function Parent(property1, property2){
	this.sampleArray = ['X'];
	this.property1 = property1;
	this.property2 = property2;
	this.alertProperty1 = function(){
		return this.property1;
	}
}
function Child(property1, property2, property3){
	// Inherit properties from Parent.
	// Call Parent as function by binding 'this' to it
	Parent.call(this, property1, property2);
	this.property3 = property3;
}

Here we are not instantiating instance of Parent. We are rather invoking it as function by binding instance of Child as ‘this’ in it. So all the properties defined on Parent gets bound to ‘this’ which is instance of Subtype. Now what is output of the following?

var child1 = new Child();
child1.sampleArray.push('Y');
alert(child1.sampleArray); // X, Y

var child2 = new Child();
alert(child2.sampleArray); // X

Points to note:
(i) In Prototype chaining, we will never invoke the Parent constructor and hence can not pass any arguments to it. But here we can do it.
(ii) In the example above, for both child1 and child2 gets different function instances for alertProperty1
alert(child1.alertProperty1 == child2.alertProperty1) // false
(iii) Properties defined on constructor of Parent never gets copied.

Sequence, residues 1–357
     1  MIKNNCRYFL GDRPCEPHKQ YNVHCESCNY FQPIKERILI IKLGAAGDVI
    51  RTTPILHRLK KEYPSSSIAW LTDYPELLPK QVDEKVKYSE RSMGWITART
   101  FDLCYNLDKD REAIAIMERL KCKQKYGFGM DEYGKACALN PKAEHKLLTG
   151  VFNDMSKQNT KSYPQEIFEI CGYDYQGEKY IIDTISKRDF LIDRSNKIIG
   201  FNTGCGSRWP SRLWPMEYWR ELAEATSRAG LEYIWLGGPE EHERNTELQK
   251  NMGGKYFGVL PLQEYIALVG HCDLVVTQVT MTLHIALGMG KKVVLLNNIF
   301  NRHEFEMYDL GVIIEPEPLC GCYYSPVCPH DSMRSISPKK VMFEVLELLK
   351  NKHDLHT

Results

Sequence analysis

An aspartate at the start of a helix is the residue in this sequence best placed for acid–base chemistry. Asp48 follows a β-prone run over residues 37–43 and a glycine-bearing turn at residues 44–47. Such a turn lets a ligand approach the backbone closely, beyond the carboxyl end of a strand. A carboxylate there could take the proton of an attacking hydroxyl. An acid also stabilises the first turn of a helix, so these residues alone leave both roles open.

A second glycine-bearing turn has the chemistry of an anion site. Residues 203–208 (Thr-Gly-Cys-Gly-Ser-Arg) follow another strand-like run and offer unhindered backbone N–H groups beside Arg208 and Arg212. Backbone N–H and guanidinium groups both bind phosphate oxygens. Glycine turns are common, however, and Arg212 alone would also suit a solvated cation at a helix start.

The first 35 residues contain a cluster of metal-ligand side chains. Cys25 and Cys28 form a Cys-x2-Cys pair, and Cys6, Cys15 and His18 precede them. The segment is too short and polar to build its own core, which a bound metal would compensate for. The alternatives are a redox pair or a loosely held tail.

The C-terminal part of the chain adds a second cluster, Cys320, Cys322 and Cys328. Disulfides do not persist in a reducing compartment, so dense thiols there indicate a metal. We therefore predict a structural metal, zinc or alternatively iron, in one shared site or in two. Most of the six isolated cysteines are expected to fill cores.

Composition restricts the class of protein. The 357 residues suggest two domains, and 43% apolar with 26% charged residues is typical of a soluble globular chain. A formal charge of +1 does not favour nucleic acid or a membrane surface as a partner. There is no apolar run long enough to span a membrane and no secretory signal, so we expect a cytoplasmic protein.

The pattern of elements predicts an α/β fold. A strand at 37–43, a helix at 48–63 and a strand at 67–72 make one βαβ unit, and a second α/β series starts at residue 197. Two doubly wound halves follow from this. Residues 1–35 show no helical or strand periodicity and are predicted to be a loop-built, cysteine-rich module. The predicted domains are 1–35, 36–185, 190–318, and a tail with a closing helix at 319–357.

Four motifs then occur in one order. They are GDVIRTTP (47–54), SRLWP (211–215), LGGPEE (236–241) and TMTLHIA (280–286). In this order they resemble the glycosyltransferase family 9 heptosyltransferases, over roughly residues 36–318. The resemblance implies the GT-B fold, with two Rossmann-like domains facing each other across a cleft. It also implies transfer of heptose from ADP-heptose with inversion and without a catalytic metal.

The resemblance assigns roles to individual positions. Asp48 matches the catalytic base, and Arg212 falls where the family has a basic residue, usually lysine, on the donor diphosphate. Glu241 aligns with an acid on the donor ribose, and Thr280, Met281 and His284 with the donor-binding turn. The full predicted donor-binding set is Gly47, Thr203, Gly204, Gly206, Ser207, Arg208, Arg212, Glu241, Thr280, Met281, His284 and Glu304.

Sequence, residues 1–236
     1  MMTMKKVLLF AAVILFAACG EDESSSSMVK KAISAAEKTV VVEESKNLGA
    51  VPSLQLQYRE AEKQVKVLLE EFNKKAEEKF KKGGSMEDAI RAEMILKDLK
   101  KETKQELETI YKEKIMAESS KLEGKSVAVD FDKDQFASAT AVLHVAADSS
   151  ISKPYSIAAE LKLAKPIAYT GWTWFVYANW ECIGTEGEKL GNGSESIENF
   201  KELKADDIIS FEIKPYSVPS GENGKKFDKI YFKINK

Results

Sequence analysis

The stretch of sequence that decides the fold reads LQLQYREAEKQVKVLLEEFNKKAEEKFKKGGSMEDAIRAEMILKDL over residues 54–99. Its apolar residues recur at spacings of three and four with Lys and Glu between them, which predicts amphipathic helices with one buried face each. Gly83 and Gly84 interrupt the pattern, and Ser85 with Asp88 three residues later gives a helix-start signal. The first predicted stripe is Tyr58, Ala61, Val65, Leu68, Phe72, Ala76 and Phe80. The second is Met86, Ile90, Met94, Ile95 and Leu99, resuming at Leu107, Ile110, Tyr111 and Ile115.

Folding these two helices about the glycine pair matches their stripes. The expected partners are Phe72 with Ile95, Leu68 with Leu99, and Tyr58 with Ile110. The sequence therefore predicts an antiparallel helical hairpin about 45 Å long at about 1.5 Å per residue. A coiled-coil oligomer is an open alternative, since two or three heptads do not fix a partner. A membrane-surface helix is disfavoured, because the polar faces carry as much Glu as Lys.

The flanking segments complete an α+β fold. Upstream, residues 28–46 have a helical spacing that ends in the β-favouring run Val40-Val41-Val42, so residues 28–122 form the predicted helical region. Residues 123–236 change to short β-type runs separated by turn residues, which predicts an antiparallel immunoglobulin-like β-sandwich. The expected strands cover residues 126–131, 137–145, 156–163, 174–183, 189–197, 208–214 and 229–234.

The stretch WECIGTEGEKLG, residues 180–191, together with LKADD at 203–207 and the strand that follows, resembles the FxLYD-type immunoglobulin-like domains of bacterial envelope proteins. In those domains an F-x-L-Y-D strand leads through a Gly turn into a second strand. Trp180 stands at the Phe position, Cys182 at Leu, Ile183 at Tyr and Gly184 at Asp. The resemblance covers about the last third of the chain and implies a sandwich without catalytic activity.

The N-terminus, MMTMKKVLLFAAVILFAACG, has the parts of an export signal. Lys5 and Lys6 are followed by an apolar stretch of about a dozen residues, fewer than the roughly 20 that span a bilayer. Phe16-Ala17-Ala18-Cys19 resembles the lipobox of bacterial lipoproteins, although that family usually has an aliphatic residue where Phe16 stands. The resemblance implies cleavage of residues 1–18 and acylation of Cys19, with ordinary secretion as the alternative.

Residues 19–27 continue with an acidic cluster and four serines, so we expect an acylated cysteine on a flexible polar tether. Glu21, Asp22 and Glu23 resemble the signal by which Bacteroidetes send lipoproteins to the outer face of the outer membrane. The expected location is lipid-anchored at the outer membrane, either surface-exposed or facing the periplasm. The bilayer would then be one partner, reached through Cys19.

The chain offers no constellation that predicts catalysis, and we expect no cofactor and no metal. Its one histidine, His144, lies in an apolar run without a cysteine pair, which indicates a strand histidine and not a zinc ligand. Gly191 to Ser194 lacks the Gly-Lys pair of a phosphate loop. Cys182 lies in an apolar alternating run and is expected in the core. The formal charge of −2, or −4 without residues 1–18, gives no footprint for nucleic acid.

The constructor inheritance thus solved the problem that we faced with Prototype Chaining. But this shares the same problem of objects creation with Constructor pattern we discussed in the last article. This problem can be solved by combining Constructor Inheritance with Prototype Chaining.

3. Combination Inheritance: Here is how we do it:

function Parent(property1, property2){
	this.sampleArray = ['X'];
	this.property1 = property1;
	this.property2 = property2;
}

Parent.prototype={
	constructor:Parent,
	alertProperty1 = function(){
		return this.property1;
	},
	alertProperty2 = function(){
		return this.property2;
	}
}

function Child(property1, property2, property3){
	// Inherit properties from Parent.
	// Call Parent as function by binding 'this' to it
	Parent.call(this, property1, property2);
	this.property3 = property3;
}

Child.prototype = new Parent();
Child.prototype.alertProperty3 = function(){
	return property3;
}

var child1 = new Child('A', 'B', 'C');
var child2 = new Child('P', 'Q', 'R');
alert(child1.alertProperty1 == child2.alertProperty1); // true
alert(child1.alertProperty2 == child2.alertProperty2); // true
child1.alertProperty1(); // A
child2.alertProperty1(); // P

Here what actually happens when we call alertProperty1 on child1?
JavaScript Engine checks whether child1 has function ‘alertProperty1’ defined on it. As it is defined, it calls this function(as we called Parent() by binding ‘this’ which is of child type). But note that there is also ‘alertProperty1’ function defined on the prototype of Parent. But this would never be called as it exists on the child object directly.

This type of inheritance is so far the best way of implementing Inheritance. There are few more ways of implementing inheritance which we will discuss in the next article of this series.

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5 thoughts on “Object Oriented JavaScript – Part 2

  1. On the first code in this page, at line 14, you wrote,
    “Child.prototype = new SuperType();”
    but you mean
    “Child.prototype = new Parent();”
    right?